Squamish parent creates mental health resource list for students | Squamish Chief

Squamish parent creates mental health resource list for students

How to find local help for your child

As the school year welcomes students back to the classroom, a new list is available with tools that could help kids and teens throughout the year.

Last semester, local parent and counsellor Nicole Thomson put together a list of community resources and Squamish-based counselors who specialize with school-age kids and teens.

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She said she was inspired by her own family’s experiences trying to navigate mental health help. Thomson said her kid's school year was difficult last year, and she was paired with a school counsellor. The weekly meetings, however, started petering off, Thomson said.

“I myself am a counsellor and I just didn't realize how different it was in the school system,” Thomson said, adding the situation is "really kind of impossible. I would never take more than 20 people a week… Just the position the school counsellors are in, I really was feeling for them.”

Thomson said she wasn’t the only parent confused about options, and she heard from other parents who were not sure where to find help. Thomson said it took a lot of legwork to figure out.

“Just being a parent is so overwhelming. I can barely even keep up with how many dance emails I got last year. I can't also be an expert in finding resources,” she said.  

So she decided to go to the school district, where she met with the director of learning services, Phillip Clarke.

From there, Thomson found out school counsellors never supposed to be the main support for kids, and can refer to other sources of help. She took it upon herself to make an easy-to-use list.

“It just seemed like making a list of local resources to be all in one place…would be a really easy gap to fill,” Thomson said.

Her list includes free resources and phone numbers as well as the private, paid counsellors who work in Squamish. It says what ages the counsellors work with and the areas they specialize in, without making specific recommendations. All of the counsellors included are Registered Clinical Counsellors, who have met the requirements of the BC Association of Clinical Counsellors. 

Every year and multiple times throughout the year, Clarke said the school district compiles a list of outside agencies and community resources and send it to parents.

"This, on top of that, will help. Sometimes parents or kiddos want to know if it's counselling services what's available to them or who's out there. Sometimes that's even really helpful for work placements,” Clarke said. “There's multiple ways just having an overall list of community resources just helps everybody make informed choices.”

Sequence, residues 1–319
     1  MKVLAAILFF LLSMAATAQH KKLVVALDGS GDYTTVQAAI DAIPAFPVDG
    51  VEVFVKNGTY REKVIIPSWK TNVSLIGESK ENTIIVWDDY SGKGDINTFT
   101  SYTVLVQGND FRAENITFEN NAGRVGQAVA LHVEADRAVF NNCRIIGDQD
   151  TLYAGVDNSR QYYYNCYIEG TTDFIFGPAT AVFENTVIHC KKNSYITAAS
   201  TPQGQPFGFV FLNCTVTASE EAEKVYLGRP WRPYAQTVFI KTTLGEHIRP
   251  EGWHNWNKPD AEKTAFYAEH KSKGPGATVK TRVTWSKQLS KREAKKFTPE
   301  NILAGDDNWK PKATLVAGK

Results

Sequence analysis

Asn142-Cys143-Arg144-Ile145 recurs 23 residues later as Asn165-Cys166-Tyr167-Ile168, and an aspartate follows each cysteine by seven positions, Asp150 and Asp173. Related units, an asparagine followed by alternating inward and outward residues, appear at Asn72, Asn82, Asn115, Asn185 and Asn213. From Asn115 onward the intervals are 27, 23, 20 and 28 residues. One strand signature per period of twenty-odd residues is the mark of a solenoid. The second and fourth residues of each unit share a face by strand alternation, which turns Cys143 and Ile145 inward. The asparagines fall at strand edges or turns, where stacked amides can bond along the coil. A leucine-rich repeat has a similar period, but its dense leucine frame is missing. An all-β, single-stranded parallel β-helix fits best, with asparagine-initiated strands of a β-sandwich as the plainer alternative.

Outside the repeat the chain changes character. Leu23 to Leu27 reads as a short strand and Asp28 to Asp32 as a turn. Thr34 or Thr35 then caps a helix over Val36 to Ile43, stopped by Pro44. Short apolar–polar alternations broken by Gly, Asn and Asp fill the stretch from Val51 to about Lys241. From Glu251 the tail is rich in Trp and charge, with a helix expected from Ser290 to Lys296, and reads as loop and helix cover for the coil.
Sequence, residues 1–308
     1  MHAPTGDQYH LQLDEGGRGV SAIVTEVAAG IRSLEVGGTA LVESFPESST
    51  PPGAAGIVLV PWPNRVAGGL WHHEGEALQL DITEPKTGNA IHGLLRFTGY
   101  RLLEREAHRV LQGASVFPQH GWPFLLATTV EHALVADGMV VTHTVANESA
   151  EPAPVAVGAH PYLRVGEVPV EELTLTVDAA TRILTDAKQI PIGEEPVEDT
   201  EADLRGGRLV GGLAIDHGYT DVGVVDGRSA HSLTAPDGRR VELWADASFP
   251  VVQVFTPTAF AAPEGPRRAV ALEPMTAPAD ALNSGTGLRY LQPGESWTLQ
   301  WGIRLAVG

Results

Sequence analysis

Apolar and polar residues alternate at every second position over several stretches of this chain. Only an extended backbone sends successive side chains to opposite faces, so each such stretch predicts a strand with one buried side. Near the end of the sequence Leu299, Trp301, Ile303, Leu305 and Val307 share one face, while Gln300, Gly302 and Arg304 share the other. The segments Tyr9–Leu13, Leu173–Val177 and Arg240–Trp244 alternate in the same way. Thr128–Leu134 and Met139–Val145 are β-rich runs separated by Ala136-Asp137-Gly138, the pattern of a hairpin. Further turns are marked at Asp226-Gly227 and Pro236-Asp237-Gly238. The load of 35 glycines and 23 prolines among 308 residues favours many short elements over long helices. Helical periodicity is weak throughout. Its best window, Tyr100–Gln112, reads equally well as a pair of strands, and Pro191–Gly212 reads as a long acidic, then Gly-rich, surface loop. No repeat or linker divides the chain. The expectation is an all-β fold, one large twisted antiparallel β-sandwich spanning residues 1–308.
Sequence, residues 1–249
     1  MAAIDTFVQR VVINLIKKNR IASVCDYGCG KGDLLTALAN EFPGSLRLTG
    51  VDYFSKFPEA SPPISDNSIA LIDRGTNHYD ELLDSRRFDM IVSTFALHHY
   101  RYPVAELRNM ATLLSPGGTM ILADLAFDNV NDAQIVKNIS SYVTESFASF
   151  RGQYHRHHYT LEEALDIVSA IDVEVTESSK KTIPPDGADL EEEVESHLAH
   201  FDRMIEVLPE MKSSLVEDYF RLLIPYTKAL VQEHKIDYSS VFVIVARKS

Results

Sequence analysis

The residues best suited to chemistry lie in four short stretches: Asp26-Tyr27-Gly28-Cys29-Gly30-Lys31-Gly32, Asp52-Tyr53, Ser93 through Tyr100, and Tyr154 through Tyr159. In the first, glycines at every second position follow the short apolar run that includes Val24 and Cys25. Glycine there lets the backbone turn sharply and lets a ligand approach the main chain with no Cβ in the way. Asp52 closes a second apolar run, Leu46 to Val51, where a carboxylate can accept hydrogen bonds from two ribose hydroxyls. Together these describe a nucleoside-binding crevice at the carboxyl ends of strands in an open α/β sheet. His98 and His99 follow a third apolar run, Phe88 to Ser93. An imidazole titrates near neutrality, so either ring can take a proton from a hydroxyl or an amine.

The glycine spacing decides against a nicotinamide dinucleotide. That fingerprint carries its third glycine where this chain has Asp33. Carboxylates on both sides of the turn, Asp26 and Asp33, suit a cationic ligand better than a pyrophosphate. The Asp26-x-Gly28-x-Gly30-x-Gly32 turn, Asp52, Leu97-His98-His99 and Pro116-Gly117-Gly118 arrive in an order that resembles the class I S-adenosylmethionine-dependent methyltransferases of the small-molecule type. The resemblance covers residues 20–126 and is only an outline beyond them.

Every school in the district has a counsellor, whether full-time or part-time, Clarke said. In elementary schools, he said counsellors are there to help with social and emotional regulation, helping kids navigate incidents or situations like loss of a loved one or parents' divorce. They help teach sexual health and orientation. 

What school-based counsellors don't do is therapeutic counseling. 

“I just think sometimes people feel like they need a little bit more support or a little bit more help or information. It's like we approach coaching when we want our kids to excel in certain sports. Sometimes we need to tap on counsellors to get just a little bit more, sometimes the parents have help navigating certain situations,” Clarke said.

He added there are parent support groups, such as the FORCE Society, that are available for guardians to find advice.

“We're not all experts on every aspect of children, adolescents and even adults. Knowing that there are experts or that there's help available when we need it is reassuring and it can be really valuable for all the members of our community,” he said.

While the schools will decide how to make the information available, Clarke said they want to make sure they're not telling everyone they need to see a counsellor, or seem to be prioritizing a particular private counsellor over others. Clarke said anytime parents have questions about their child's social and emotional support, they should connect with their teacher, school counsellor or principal. 

In the future, Thomson said she'd like to expand the list to include resources in the whole school district, but for now the list is Squamish-based. 

The resource list is available online at www.squamishcounselling.ca/wp-content/uploads/2019/06/Squamish-Kid-Youth-Mental-Health-2019.pdf

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